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The Log in my Eye

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A close friend called me a few days ago to tell me that her kid almost got kicked out of preschool on the first day.  On day one, her daughter shoved some kids, bit a teacher, and spent more time in the principal’s office than in the preschool room.  

And I bet many of the parents (and even non-parents) reading this blog silently graded themselves a little bit higher on their parenting skills.  

I mean, c’mon, be honest, when you read those lines, didn’t you start to think of what you would do if your kid had a first day like that?  And maybe, just maybe, you might have thought about how her kid needs more consistent discipline or more structure.  And ouch - let’s be honest.  Maybe you were thinking that you could do it a little better.

But what you don’t know is that my friend is an outstanding parent – and I’m not just saying that because she’s my friend.  I’m saying that because it’s true.  

And it’s not just because her daughter was adopted out of a traumatic situation at a young age that this happened – it’s also because she’s a kid.  She’s a whole person walking around with gloriously random ideas and wild reactions and likes and dislikes and raw emotions and everything that makes a kid a kid.  And mostly it happened because a lot of days parenting is like walking around with a short-fused firework in your pocket.  One day you might be just fine, but if the weather conditions are right, and she gets rubbed the wrong way, she just might blow.   

And Monday happened to be her daughter’s day to blow.

“And the worst part,” my friend said, breaking up with tears, “was that they spoke about Elizabeth like she was a horrible kid.  She’s not a horrible kid.  She can be compassionate and full of love and wonder.”

“And you just have to remember who that kid is,” I told her, “ the one that you know is underneath all of that. And stick with her until you see that side of her come back out.”  It was so easy for me to give that piece of advice.

You see, my daughter hates reading. Whoopdee doo, right?  Big deal!  But for some reason, I get really embarrassed about it.   That’s just the kind of thing a God with a sense of humor does to a parent who was a public educator for eleven years.  Can you hear Him chiseling away at my ego?  Because some days it feels like he’s doing a root canal with that chisel.

It’s not like “Thou shalt love reading” or “Thou shalt take school seriously” was one of the ten commandments.  And if Moses had kept on chiseling out those stone tablets, I doubt it would have even hit the top ten-thousand.  So, why is it so easy to give that advice to my friend and so hard to take it myself?  What is it about parenting that makes the log in my own eye so hard to see?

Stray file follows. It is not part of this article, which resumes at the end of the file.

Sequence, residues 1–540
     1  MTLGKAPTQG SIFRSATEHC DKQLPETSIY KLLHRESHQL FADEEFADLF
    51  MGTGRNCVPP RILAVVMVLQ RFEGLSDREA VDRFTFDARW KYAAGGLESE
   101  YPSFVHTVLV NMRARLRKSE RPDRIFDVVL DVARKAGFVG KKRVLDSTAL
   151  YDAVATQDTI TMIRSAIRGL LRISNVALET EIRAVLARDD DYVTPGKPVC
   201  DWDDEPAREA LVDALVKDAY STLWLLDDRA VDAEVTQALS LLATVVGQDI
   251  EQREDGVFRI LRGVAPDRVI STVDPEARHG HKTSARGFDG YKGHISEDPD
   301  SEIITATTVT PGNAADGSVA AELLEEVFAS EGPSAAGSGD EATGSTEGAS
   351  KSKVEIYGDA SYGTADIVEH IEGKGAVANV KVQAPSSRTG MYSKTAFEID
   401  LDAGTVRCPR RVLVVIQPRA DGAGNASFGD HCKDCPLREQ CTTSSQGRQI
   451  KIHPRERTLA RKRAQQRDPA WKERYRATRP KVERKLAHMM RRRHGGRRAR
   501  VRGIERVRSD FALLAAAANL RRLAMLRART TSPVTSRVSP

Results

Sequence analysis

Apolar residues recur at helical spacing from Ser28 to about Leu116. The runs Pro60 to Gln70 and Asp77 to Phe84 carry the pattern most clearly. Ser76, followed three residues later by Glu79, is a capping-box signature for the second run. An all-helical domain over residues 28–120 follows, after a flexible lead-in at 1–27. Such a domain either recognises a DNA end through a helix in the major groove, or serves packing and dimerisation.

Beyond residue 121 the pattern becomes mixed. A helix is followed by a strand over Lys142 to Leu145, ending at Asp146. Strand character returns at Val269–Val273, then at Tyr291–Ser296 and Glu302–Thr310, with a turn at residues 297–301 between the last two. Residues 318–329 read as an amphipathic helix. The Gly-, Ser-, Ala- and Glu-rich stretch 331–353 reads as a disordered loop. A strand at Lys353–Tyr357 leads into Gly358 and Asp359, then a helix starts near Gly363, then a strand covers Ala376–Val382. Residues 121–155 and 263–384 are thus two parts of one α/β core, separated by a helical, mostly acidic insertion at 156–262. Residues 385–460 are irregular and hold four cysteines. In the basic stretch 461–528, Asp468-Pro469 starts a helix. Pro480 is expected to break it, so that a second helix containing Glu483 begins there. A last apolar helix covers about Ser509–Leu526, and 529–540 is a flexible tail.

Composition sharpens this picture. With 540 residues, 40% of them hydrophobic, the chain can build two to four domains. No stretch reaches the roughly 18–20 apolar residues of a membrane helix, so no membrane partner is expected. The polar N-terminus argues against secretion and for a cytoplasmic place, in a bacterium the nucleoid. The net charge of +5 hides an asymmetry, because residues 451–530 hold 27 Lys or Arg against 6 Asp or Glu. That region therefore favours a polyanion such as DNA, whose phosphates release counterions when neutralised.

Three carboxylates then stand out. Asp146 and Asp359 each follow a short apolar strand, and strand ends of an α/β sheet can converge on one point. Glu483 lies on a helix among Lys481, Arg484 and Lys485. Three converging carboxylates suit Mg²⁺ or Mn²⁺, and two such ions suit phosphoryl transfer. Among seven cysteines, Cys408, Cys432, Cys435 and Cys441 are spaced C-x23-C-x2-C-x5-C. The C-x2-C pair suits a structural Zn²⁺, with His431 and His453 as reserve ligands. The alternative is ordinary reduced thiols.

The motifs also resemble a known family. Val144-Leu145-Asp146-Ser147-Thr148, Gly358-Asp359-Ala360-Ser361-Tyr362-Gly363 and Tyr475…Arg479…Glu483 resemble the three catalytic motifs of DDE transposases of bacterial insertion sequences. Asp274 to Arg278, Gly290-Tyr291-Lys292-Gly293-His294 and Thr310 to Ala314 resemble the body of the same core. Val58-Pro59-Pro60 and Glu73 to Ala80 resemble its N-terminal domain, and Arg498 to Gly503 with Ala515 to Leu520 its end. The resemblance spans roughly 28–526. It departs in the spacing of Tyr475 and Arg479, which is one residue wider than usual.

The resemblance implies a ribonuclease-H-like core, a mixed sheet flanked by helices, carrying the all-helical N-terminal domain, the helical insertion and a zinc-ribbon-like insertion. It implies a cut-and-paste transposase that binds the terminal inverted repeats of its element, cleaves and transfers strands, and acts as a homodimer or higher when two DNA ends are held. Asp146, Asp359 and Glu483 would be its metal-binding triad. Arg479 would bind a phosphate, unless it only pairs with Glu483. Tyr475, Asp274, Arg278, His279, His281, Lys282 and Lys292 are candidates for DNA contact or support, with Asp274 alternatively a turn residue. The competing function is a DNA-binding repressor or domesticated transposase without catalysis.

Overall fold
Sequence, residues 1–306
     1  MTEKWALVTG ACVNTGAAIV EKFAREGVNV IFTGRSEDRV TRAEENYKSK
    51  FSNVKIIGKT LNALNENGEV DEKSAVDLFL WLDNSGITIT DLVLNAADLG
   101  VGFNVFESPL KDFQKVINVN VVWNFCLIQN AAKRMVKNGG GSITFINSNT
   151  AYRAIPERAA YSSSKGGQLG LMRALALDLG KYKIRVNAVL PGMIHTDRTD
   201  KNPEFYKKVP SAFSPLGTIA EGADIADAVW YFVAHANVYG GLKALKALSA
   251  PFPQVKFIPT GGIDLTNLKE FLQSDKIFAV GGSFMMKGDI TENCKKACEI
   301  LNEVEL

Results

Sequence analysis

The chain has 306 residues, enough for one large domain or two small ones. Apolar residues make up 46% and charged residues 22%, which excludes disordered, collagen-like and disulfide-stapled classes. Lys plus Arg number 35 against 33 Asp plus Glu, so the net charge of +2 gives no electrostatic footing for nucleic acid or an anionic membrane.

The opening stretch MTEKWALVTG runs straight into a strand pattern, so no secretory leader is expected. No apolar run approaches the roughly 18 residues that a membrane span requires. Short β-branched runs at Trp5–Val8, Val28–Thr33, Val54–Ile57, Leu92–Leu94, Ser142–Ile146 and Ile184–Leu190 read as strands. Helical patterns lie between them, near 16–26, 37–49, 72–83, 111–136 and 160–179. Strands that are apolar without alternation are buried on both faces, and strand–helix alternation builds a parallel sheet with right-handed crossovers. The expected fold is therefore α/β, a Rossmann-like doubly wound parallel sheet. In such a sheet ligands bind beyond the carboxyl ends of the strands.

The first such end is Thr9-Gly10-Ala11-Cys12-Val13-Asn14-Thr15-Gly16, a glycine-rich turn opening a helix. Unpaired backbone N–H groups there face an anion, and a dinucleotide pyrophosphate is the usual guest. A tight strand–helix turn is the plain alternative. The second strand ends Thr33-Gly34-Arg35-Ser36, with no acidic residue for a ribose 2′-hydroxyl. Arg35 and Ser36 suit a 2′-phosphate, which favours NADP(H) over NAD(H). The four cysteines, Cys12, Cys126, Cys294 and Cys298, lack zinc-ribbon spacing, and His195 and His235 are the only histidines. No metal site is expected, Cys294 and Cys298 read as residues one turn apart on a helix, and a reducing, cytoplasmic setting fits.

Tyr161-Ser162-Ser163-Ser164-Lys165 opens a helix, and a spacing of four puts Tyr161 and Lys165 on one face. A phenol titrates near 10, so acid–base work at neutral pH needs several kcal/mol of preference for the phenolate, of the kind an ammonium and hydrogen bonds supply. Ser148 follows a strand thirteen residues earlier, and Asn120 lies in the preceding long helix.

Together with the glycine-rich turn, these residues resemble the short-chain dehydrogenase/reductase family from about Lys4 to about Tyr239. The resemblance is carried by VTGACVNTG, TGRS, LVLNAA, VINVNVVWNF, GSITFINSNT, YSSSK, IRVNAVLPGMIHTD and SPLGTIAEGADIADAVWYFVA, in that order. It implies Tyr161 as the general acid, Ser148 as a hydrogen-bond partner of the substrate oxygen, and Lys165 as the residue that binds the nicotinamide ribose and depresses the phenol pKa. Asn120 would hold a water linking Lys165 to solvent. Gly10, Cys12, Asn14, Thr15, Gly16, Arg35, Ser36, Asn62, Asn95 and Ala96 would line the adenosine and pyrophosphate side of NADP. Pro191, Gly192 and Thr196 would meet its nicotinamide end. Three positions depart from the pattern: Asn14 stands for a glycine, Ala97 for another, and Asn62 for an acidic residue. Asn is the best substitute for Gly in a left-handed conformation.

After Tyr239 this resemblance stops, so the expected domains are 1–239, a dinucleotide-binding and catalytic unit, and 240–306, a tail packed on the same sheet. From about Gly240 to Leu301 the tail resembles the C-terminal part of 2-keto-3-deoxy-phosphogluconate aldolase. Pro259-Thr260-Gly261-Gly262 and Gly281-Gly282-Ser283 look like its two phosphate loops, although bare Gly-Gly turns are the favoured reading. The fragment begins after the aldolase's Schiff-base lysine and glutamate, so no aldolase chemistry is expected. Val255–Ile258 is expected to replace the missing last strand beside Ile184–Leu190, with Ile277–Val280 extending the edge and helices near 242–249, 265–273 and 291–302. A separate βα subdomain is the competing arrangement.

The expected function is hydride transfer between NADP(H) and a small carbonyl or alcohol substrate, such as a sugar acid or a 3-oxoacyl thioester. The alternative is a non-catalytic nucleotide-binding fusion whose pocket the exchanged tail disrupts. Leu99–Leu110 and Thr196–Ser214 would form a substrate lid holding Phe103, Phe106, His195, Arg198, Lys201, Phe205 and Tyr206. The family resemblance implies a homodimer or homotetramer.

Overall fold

Watching my friend remind herself of the amazing child underneath the not-so-hot first day in preschool inspired me to look back at my own daughter -and to remember.  Oh, yeah, Arielle is the only kid that her autistic friend comes running up to hug because my daughter can connect with those difficult kids.  And yeah, she’s the one who burns through all of her allowance trying to take other people places so that they get to have as much fun as she does.  And let’s not forget the day she walked out of children’s ministry and asked, “Mom, if we should pray for our enemies, shouldn’t we start praying for Satan because if he turns back to God the whole world will return home with him?”  And those are the things God sees when he looks at her.

If God intricately created each of us by intentionally piecing each part of us together – even the stubborn streak and the big nose and the tone-deaf singing voice and the short temper -- and he gives us free will to make our own good and bad decisions, why are we so emotionally tied up in our own children’s mistakes?  When it comes to my child, why is it so hard for me to let the potter be the potter and stop trying to nitpick where the handle is?

Instead, how can I really invest in helping the vessel understand why it was created and how to be filled up with living water?   And how can we as parents help each other strip away at the idols of our children’s achievements and remind each other of the incredible value of the gift God gave us in all of our children?  And it’s moments like this that I realize just how far I have to go.   And all that’s left to do is pray.

Dear God,

Help me daily to delight in the gift you have given me.  Sometimes I don’t know why you trust me so much, but thanks anyway.  Let my child’s wonder remind me of how I should approach you.  Help me always guide her towards You, whether through soft embraces or hard lessons, in the way that you guide me.

Show me how to love all parents, no matter the magnitude of their mistakes, and remove all judgement from my heart.  And if I start to get too inflated about my own child’s achievements, go ahead and put me in check.  But please, please, please, do it gently.

Can I get an Amen?

The LORD is gracious and compassionate, slow to anger and rich in love. -Psalm 145:8